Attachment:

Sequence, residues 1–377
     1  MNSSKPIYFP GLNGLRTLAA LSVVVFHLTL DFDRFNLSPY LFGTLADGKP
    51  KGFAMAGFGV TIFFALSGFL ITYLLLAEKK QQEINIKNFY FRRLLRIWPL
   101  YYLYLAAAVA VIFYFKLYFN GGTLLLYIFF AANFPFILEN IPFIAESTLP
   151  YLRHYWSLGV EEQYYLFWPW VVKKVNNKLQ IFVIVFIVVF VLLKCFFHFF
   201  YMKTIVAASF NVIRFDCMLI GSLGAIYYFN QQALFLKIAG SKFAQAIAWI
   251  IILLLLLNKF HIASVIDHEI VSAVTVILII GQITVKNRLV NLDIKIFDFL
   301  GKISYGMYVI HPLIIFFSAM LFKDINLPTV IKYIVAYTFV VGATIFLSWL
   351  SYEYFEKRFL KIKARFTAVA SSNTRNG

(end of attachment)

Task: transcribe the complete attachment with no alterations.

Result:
Sequence, residues 1–377
     1  MNSSKPIYFP GLNGLRTLAA LSVVVFHLTL DFDRFNLSPY LFGTLADGKP
    51  KGFAMAGFGV TIFFALSGFL ITYLLLAEKK QQEINIKNFY FRRLLRIWPL
   101  YYLYLAAAVA VIFYFKLYFN GGTLLLYIFF AANFPFILEN IPFIAESTLP
   151  YLRHYWSLGV EEQYYLFWPW VVKKVNNKLQ IFVIVFIVVF VLLKCFFHFF
   201  YMKTIVAASF NVIRFDCMLI GSLGAIYYFN QQALFLKIAG SKFAQAIAWI
   251  IILLLLLNKF HIASVIDHEI VSAVTVILII GQITVKNRLV NLDIKIFDFL
   301  GKISYGMYVI HPLIIFFSAM LFKDINLPTV IKYIVAYTFV VGATIFLSWL
   351  SYEYFEKRFL KIKARFTAVA SSNTRNG